The Architecture of an IoT Project
IoT projects are usually built from various off-the-shelf hardware components that can be combined to create a single solution for many applications. To build IoT devices, you’ll have to determine what components you will use, how they will work together, and how they will integrate with other products in the marketplace.
Hardware is only one part of the IoT equation. No matter how good your hardware is, it will never be as valuable as the data it collects. Data produced by an IoT device must be captured, used, and shared in real-time if it’s going to provide value to customers without fail or downtime.
It is where the IoT platform comes in. To process and share data, you need a centralized management system. The IoT platform should be robust enough to handle all the data coming from all your devices and provide a straightforward interface for customers to view that data.
Risks at the Beginning of the Project
There are risks involved in any new initiative, especially if you’re a startup trying to create a product that nobody has seen before. The first risk is that there are no guarantee customers will buy your product. It can be a real problem if you’ve poured a lot of time and money into a prototype that nobody wants to use.
The second issue involves scale. Taking an IoT project to the next level can be challenging because companies may have trouble scaling up operations quickly enough to meet demand. Again, this can all be avoided by partnering with suppliers and manufacturers, who can help ensure the success of your project from the beginning.
The risks involved with scaling up production are in the same category as the first, but there’s also a security concern this time. If you’re planning to distribute your devices to customers, you’ll need to ensure that each component is safe and secure to control from the Internet. Factory-made devices can be hard to hack, but IoT custom designs can be more vulnerable.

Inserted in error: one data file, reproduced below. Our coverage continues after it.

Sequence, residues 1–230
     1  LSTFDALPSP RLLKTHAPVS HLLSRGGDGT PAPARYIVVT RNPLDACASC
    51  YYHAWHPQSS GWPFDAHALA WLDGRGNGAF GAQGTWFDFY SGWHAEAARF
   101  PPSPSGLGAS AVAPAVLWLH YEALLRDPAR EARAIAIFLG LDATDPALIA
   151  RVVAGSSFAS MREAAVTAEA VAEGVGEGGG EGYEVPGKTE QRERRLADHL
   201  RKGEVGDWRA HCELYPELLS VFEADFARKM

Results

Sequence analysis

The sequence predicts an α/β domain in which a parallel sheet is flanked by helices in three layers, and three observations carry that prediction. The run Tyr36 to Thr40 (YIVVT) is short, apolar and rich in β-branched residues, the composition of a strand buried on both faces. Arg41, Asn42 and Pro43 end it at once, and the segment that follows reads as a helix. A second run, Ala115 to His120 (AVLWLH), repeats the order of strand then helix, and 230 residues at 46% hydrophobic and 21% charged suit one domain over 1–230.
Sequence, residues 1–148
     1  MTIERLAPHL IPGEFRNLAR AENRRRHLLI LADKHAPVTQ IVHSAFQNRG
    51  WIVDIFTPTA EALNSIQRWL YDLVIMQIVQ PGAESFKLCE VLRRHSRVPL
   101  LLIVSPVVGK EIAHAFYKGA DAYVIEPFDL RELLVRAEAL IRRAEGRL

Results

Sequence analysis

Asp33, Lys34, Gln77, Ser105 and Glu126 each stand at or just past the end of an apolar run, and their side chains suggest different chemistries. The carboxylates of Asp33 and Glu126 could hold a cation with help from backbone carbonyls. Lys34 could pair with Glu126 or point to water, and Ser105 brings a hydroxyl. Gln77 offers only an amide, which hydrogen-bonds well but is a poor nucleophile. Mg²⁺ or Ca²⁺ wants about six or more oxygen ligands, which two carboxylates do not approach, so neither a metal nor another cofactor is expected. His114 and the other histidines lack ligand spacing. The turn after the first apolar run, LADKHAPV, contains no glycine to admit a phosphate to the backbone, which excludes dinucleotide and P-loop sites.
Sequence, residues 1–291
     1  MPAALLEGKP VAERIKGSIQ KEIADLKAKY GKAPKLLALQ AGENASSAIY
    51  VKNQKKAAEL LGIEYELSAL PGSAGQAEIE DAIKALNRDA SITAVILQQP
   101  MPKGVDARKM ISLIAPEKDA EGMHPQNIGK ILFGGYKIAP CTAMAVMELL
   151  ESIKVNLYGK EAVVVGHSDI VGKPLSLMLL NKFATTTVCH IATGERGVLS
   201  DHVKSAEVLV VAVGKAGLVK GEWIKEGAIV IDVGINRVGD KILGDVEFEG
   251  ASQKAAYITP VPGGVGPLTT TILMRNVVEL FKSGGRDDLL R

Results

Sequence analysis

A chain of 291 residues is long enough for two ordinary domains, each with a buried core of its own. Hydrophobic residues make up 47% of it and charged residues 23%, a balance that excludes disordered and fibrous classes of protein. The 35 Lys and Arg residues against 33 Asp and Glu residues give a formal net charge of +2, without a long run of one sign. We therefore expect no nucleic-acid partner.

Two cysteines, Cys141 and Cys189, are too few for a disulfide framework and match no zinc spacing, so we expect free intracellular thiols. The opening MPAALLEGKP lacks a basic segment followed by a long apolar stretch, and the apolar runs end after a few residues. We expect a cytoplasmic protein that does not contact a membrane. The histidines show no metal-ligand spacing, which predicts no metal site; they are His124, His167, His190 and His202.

Once you’ve created your product, there’s still a risk involved in keeping track of it all, especially when one component has an issue. If one component fails, it could cause severe problems for your entire project.
How Much Does It Cost?
The cost of creating an IoT platform varies depending on the project’s scope. Building a simple device powered by a smartphone or computer can be free, and with COTS devices and open-source software, you can save even more money. The only costs here are designing the product and working out how it works.
You can expect to spend $500,000 or more to get your hardware prototypes. In most cases, you’ll need comprehensive design, supply chain management, and marketing plans to ensure your project succeeds.
There are also costs associated with operating an IoT platform once it’s built up. Like any other cloud-based system, you’ll have to pay a company to manage it, which will add up over time.
IoT is a new “market” for products and services that gather data from everyday objects. While the amount of data IoT devices produce can be impressive, the ability to use that data in real-time makes this technology so exciting for many businesses.
In a nutshell: IoT lets you worry less about creating an “infrastructure” or platform to collect and use data. Instead, it’s designed to gather and use data as it arrives. No infrastructure is required. It’s like using your smartphone to automatically share photos with social networks whenever you get them back from your camera, except, in this case, the device collects all the information without effort.